The bane of the fur trade was the running off of the young men into the woods, at one time 800 disappeared following the call of Daniel Dulhut. The fear was that they would not resettle and help to build the colony. The way of life was one of adventure and freedom, many adopting the ways of their native brothers. Unlike the natives though, they had a better capacity for the brandy which was part of the trading deal. An inebriated Indian could always be cheated in an unfair trade deal. It was considered to be one the “tools of the trade”. The reason this continued was the fear of losing the young men to the English traders or driving them away from the Church.
The King had ordered that whipping and branding be given for the first offence of trading without a license and being sent to the galleys for the second offense. Nothing the intendant Duchesneau did could prevent the debauchery and lawlessness. Therefore, siegneuries were abandoned, wives left behind and children ran about in the streets as men gathered and disappeared into the forest. They could be gone for years out of the reach of the law. Montreal was the headquarters for the fur trade. When a party of “coureurs des bois” returned, the settlement would turn into a place of revelry and debauchery. The men would bedeck themselves in a blend of French finery and Native decoration, always with a sword at their side, the women following suit. Of course, after the celebration was over, confessions were heard and penances issued for the Church could not afford to lose any more souls.
One of the most famous coureurs des bois was Daniel Greysolon Dulhut who was a noblemen and career soldier from Lyon, France. His mission was to create a peace between the western Indian tribes and the French while fortifying areas that were under threat by the English and Iroqouis. To this end, he fortified the fort at Michillimakinac, Michigan and built Fort William on Lake Superior and later, Fort St. Joseph. He made an enemy of the intendant Duschsneau for disobeying the orders of the King and was slandered by La Salle in order to gain a monopoly on exploration rights for New France. In spite of this, he was able to secure the authority of New France in the Great Lakes area. He died in Montreal in 1710, leaving a part of his fortune to Charles Delauney who had cared for him. The city of Duluth, Minnesota is named after him.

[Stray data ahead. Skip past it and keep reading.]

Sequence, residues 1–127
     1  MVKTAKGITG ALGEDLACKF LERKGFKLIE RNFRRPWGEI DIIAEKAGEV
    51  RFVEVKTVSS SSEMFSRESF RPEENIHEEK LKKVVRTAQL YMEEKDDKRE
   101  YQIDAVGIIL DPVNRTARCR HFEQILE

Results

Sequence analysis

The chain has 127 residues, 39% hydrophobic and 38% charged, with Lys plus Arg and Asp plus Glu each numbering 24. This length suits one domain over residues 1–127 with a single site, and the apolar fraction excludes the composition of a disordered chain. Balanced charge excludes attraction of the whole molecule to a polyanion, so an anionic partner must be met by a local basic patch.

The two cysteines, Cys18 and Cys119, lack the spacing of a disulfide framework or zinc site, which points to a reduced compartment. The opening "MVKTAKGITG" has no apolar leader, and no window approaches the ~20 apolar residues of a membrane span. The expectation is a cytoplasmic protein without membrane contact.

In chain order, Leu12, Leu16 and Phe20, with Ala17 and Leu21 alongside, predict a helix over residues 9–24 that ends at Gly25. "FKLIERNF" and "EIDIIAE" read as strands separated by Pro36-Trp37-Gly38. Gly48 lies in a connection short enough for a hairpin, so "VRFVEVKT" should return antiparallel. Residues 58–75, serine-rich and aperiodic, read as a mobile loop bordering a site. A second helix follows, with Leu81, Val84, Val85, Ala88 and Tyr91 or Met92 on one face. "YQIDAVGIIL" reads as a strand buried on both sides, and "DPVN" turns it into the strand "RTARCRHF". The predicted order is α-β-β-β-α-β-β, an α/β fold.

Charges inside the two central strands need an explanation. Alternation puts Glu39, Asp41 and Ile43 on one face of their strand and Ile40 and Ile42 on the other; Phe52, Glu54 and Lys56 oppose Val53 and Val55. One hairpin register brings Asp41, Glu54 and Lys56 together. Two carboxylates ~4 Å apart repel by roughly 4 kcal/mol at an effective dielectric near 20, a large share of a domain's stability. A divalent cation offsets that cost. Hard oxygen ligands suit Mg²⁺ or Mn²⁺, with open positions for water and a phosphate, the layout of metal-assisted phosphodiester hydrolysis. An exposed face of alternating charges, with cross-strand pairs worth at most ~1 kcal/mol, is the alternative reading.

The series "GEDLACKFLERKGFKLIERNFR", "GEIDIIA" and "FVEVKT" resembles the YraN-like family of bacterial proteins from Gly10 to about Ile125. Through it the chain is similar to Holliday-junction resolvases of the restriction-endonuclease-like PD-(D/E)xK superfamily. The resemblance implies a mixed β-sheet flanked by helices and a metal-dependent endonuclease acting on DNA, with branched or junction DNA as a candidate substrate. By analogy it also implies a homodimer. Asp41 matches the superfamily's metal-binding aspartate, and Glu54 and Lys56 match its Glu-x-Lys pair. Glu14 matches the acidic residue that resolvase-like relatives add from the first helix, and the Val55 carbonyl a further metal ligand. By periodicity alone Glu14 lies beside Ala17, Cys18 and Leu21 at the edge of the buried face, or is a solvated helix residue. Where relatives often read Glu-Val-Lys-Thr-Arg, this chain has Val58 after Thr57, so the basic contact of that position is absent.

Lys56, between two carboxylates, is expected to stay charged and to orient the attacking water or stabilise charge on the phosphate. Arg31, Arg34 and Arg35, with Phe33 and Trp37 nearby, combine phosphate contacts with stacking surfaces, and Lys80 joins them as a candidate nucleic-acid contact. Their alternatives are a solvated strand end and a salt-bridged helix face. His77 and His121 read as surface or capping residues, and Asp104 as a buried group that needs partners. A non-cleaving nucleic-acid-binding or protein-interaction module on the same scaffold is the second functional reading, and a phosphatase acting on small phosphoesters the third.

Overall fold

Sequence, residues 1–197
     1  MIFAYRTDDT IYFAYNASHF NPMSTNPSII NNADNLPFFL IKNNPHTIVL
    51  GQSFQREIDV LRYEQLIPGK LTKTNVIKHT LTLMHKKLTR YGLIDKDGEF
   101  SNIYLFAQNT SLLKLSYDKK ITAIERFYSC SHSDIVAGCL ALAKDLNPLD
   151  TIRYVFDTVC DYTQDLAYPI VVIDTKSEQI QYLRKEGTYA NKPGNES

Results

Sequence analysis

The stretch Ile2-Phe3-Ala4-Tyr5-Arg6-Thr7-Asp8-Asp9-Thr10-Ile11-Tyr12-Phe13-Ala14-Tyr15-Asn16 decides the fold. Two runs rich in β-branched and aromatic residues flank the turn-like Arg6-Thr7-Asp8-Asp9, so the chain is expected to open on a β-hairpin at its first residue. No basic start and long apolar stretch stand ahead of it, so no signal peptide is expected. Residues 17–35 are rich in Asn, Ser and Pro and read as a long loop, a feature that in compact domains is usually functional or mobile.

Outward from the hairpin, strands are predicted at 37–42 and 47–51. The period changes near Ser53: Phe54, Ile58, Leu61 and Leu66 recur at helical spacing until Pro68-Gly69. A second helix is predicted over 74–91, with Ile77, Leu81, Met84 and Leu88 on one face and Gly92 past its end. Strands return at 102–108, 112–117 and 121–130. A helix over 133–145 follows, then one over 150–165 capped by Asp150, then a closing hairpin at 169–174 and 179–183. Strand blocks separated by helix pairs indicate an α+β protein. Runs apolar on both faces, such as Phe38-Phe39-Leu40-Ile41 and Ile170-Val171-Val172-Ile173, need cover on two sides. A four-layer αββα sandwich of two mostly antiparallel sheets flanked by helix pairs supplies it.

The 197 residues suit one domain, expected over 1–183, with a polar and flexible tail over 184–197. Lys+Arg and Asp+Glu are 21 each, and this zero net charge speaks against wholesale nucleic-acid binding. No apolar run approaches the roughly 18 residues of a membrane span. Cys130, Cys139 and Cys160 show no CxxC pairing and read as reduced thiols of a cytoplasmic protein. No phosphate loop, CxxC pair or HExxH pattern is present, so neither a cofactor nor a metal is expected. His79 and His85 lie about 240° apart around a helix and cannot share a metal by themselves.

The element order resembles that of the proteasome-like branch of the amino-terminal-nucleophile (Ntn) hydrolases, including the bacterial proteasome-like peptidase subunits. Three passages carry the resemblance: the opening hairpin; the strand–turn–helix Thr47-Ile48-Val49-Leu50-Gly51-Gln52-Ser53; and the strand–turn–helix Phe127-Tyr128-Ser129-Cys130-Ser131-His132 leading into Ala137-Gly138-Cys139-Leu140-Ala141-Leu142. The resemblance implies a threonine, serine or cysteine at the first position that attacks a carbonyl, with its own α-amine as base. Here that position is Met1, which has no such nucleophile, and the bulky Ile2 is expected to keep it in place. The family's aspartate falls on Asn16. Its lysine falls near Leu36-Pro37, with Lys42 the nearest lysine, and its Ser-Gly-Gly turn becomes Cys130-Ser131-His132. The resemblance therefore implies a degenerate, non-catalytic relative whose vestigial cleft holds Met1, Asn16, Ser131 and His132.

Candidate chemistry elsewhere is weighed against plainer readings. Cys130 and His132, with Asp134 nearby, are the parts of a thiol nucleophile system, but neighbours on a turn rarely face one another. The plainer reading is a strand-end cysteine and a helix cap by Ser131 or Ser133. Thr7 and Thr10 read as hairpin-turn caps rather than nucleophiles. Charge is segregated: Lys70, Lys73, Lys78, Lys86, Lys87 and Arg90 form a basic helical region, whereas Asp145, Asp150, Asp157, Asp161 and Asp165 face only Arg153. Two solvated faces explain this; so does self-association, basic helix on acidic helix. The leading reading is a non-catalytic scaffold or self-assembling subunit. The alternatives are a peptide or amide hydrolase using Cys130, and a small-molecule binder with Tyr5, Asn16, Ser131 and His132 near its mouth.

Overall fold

It is likely that at this point, the ending of the 17th century and with the rise of the coureurs des bois a new nation started to form in New France, that of the Metis as they took “country wives”, women they had children with but did not marry. Eventually, the coureurs des bois would fade away and in their place came the “voyageur”, a man whose business it was to legally transport goods up into the “pays des haut”.
There were several voyageurs in the family of which I would like to find out more. For now I will just list some. Francois Beauchamp, Michel Beauchamp, Joseph Beauchamp, Antoine Beauchamp, Pierre Beauchamp, Augustin Beauchamp, Hubert Beauchamp and Jean Beauchamp, very likely the son or grandson of our original settler. There were also voyageurs in my grandmother’s family (Daigneault), Richard Daigneault was one of them. Below are some maps of the fur trade hub lakes taken from a book by Eric Morse, Fur Trade Routes of Canada/Now and Then.
Sources included but not limited to :
Francis Parkman, The Old Regime in Canada
Francis Parkman, Pioneers of France in the New World
Canada: The Fur Trade at Lachine
St. Boniface Historical Society-Voyageur Contracts
PRDH-University of Montreal
Virtual Museum of New France
I am enjoying Francis Parkman’s “Pioneers of France in the New World”. Though his writing may seem at times slightly archaic, there is no doubting his mastery of the metaphor. In the book, he describes New France as a head (king, noble and Jesuit), under which “the lank lean body would not survive“. Conversely, New England was “strengthening and widening in a slow and steadfast growth, full of blood and muscle, a body without a head“.